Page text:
FCC Blocks Full Internet Access For Millions
May 15, 2000
President Clinton has recently highlighted the need to connect more Americans to the Internet, referring to the "digital divide," that is, the gap between Internet haves and have nots. However, critics say his plan for closing the gap -- asking corporations to donate computers and supplies, funding federal programs and paying "volunteers" to spread the Internet gospel -- falls short of the mark because it fails to address a fundamental cause of the digital divide. In this case, it's the one caused by federal regulations and the inaction of the Federal Communications Commission.
- While millions of individuals and companies in large cities can perform complex, high-speed Internet operations, tens of millions of Americans in rural and less populated areas lack the necessary high-speed broadband connections.
- The biggest cause of these roadblocks, critics say, is federal regulations prohibiting regional phone companies such as Bell Atlantic and BellSouth from transporting telephone calls and digital Internet traffic across state lines and arbitrary local access boundaries called LATA lines.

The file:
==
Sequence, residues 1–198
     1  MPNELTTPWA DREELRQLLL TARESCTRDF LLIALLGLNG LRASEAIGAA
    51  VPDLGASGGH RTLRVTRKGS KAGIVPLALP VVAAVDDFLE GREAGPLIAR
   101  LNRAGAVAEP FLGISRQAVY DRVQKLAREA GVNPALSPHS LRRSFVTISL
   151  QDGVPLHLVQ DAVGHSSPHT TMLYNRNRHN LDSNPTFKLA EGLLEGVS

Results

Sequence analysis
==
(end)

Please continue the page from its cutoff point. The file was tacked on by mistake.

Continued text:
- These regulations make the operation and expansion of broadband Internet links expensive and limit the number of communities those companies can connect.
- As a result, other companies are unable or unwilling to keep up with the demand, and thousands of Americans lack the Internet access they desire.
With the barriers down, phone companies could increase the quality and speed of Internet connections for millions of Americans while decreasing costs. But critics charge the FCC has overstepped the intention of Congress by issuing the regulations. Moreover, they say, the agency continues to flout the law by failing to exercise properly a provision of the 1996 Telecommunications Act requiring it to remove such counterproductive regulations.
Source: Bob Goodlatte (U.S. Rep., Virginia), "Clinton Overlooks the Real Reason For Digital Divide: Growing Regulation," Investor's Business Daily, May 15, 2000.
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